She was trolled for writing her Hindu name in Urdu and using it as her Twitter handle. But it sparked off an unexpected movement, as many people expressed solidarity with her by doing exactly the same!!
Twitterati and intersectional feminist Prabha Raj, who is passionate about social issues, got severely trolled.
Prabha, who did this as she thinks the Urdu script is beautiful, says she didn’t expect it to become a movement. “I had a friend who changed my name into Urdu because I found the script fascinating. I don’t know Urdu at all and I can barely speak Hindi. So I used it as my handle name. For the next one week I got many explicit comments. Soon the abusive remarks directly accused me of being a Muslim who should go to Pakistan and not comment on issues,” recalls Prabha, who is politically active on Twitter.
A campaign to write one’s profile name in Urdu — the best example of unity against hate — is gaining momentum these days.
Prabha as always has been very vocal related to issues that concern the societal dynamics and this time around she chose to speak up on an issue of the age long bigotry against Hindu-Muslim
“Mine is clearly a Hindu name but it was written in Urdu and the hate towards me was because I was identified as a Muslim. So I tweeted saying I was done with hate. There has to be an end to this hate and bigotry, and I will not change my name. Within minutes, people expressed solidarity with me because they were also against hate, and they started changing their names,” Prabha shares.
It was clearly a case of her own frustration turning into a beautiful movement as more people joined. She offers, “I did not ask anyone to change names, not once. But it’s been four days now and people are still changing names. The next morning there were so many people in solidarity, and I told them please be in solidarity not with me, but against hate and bigotry, and use the hash tag to take it forward. So technically there was no campaign, it was an organic reaction from everyone which spiralled into a top twitter trend. It was so beautiful to see people coming in support voluntarily.”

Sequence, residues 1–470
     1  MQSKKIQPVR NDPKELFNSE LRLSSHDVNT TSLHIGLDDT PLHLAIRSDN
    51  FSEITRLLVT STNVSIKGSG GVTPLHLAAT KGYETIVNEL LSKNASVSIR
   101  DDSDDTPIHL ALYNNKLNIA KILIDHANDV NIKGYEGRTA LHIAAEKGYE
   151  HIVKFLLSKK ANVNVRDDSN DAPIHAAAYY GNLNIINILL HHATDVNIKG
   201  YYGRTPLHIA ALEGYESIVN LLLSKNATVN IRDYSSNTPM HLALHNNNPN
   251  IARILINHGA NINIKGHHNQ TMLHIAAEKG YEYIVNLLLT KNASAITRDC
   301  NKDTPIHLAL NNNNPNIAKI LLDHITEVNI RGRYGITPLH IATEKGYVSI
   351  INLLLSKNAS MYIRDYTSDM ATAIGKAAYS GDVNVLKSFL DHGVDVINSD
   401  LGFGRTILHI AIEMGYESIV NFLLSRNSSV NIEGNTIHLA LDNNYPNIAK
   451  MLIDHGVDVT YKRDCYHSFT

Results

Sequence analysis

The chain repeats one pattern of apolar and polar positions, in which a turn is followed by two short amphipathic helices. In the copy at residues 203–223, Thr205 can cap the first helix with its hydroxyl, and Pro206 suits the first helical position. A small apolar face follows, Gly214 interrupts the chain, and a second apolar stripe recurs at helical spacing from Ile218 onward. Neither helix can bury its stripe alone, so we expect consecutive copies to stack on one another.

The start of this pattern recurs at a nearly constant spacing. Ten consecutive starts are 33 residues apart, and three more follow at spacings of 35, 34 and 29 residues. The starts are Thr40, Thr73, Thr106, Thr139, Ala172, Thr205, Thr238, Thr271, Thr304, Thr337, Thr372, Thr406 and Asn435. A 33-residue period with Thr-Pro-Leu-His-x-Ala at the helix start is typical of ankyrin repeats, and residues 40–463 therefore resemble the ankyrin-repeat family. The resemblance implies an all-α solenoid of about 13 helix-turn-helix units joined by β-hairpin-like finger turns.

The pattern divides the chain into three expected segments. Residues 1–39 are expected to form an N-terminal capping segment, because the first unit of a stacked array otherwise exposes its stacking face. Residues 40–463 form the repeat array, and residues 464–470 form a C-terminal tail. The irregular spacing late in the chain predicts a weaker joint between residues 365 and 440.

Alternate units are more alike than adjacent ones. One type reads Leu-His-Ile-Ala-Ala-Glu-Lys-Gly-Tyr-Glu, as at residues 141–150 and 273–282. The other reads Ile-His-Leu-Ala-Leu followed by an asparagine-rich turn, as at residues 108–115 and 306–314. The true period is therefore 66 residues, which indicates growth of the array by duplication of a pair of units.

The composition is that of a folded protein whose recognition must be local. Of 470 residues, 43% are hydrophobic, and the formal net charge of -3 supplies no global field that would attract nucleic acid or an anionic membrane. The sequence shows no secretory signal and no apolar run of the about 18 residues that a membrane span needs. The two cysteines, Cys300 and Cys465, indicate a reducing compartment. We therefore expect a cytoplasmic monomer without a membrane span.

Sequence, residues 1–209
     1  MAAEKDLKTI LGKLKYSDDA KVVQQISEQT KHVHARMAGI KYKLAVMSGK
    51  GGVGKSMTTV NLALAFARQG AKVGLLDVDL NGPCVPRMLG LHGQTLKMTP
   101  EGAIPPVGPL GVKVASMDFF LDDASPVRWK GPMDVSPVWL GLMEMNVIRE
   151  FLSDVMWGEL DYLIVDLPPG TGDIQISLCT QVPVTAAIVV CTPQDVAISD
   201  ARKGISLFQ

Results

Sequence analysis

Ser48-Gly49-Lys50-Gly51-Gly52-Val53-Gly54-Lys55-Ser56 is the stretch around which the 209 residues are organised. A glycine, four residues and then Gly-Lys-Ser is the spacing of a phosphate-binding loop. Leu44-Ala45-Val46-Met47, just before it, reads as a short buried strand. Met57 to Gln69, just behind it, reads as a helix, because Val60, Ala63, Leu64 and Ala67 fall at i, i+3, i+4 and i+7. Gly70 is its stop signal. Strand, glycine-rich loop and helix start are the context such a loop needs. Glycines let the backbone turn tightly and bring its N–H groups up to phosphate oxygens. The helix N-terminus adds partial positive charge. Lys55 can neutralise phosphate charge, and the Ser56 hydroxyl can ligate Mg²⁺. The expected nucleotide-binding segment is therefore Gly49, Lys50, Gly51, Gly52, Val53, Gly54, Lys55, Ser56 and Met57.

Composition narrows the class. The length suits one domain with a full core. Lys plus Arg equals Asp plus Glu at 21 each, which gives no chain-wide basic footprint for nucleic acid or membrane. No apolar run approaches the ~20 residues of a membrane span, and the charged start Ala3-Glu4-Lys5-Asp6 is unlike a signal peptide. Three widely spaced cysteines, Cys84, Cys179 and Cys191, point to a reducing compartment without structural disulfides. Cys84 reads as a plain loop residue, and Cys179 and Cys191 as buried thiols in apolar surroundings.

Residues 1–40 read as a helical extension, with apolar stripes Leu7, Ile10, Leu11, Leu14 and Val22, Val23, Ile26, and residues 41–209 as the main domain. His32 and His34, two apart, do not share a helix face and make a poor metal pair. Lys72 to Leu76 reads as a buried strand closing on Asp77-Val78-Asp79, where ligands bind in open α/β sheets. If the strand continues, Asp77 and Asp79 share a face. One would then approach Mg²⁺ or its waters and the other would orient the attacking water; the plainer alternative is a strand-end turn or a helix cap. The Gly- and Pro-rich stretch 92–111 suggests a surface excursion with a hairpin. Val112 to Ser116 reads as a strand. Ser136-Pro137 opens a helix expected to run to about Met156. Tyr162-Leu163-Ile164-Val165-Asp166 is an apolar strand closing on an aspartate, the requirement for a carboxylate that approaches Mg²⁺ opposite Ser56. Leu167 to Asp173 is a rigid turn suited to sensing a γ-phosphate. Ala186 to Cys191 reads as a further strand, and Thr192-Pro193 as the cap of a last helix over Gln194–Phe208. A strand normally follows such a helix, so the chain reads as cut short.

Prabha believes people want to end prejudice, and her tweet served as a catalyst. She says, “Most people who joined me didn’t know Urdu, and Urdu speakers started helping people change their names, again an organic move. No one was asked to do anything; it took a beautiful form on its own. I also had several Urdu speakers change their name to Tamil to show solidarity with me in return. It was all about love for diversity.”
She also mentions how some Pakistani people or those with traditionally Urdu names added the Hindi version to their Twitter handles in a show of solidarity. “People writing names in Hindi did come as a surprise to me. I didn’t realise the trend went to Pakistan and they wanted to show their love to India. At the end of the day normal people have no reason to hate each other due to nationality, religion, gender, caste, language etc. So yes a beautiful thing to happen,” Prabha thinks.
Will the movement bring change? “Changing a name is symbolic. Like saying that if someone targets one person because of an Urdu name, if everyone has it, whom can they target? I think it has sparked the need to talk about it, but change comes from within every individual. If this can actually make people think that we all have prejudices, some so internalised that we don’t even realise they are there, it will be a start. I only want people to understand that they need to be sensitive and not hate. Humanity has to win, and from the response I think it already is starting to.”...